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29 Niger Republic soldiers killed by suspected jihadists – Defence ministry


29 Niger Republic soldiers killed by suspected jihadists – Defence ministry

A devastating attack by suspected jihadists in western Niger has claimed the lives of 29 soldiers, marking the deadliest assault since the military seized power in July.

The assault occurred near the country’s border with Mali during military operations aimed at countering the Islamic State threat, according to the Defence Ministry.

The Defence Ministry released a televised statement, stating that the soldiers were targeted with “improvised explosive devices and kamikaze vehicles by more than a hundred terrorists.”

Additionally, two soldiers were severely wounded, and “several dozen terrorists” were reportedly killed during the engagement.

The attack transpired northwest of Tabatol, near the border with Mali, an area notorious for skirmishes with militants associated with the Islamic State group and Al-Qaeda.

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The ongoing violence in the “three borders” region, which spans Niger, Mali, and Burkina Faso, has contributed to political instability and military takeovers in all three countries since 2021.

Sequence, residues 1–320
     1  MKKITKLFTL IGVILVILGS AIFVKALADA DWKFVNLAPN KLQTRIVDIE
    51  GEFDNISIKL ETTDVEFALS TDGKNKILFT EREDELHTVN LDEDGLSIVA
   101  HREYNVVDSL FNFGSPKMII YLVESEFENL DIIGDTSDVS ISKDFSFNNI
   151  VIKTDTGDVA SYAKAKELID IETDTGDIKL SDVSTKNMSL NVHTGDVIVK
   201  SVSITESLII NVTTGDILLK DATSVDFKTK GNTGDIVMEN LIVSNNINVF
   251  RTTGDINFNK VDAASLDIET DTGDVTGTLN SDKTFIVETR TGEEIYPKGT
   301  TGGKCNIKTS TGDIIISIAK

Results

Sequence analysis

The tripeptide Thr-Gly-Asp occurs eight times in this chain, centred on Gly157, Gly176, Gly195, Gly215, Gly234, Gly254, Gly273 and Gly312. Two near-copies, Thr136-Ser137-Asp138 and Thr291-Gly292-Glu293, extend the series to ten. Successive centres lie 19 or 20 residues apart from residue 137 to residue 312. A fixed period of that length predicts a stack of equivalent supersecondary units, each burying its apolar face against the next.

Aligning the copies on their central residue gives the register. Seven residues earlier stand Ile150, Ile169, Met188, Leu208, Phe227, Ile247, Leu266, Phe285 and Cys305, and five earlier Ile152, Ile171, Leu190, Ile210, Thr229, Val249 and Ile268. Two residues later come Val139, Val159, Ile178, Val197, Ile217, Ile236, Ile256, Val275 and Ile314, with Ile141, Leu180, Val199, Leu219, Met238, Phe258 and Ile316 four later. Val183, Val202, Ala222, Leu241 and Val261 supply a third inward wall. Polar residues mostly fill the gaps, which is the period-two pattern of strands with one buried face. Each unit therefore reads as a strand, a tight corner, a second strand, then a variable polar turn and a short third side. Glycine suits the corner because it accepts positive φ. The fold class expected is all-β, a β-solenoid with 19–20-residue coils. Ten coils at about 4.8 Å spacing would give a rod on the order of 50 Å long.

In response to the escalating crisis, Algeria, a neighboring country with significant influence, has offered to mediate talks for a return to civilian rule. Niger’s military leader, General Abdourahamane Tiani, has expressed a preference for a transition period not exceeding three years.

Algeria recently proposed a six-month transition plan supervised by a “civilian authority led by a consensual figure accepted by all sides of the political class.”

While Algeria did not specify an exact timeline in its recent statement, it announced Foreign Minister Ahmed Attaf’s upcoming visit to Niamey to initiate discussions with all stakeholders.

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Niger’s military leadership, on the other hand, has insisted that the duration of any transitional period should be determined through an “inclusive national forum.”

Meanwhile, the ousted president, Mohamed Bazoum, who has been confined to his presidential residence with his wife and son since the coup, is pursuing legal action against the coup leaders.

The lawsuit alleges “attack and conspiracy against state authority, crimes and offences committed by civil servants, and arbitrary arrests and confinements.”

Bazoum’s legal team is also appealing to two bodies of the UN Human Rights Council, including its working group on arbitrary detention.

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The Economic Community of West African States, supported by Western allies, has threatened to use force as a last resort to reinstate Bazoum and has engaged in separate mediation talks with Niger’s leaders.

France, which maintains approximately 1,500 soldiers in its former West African colony as part of its anti-jihadist deployment in the Sahel, has been confronted with demands from coup leaders for a “negotiated framework” for the withdrawal of French troops.

The situation remains highly volatile, with Niger now entering a three-day period of national mourning for the fallen soldiers.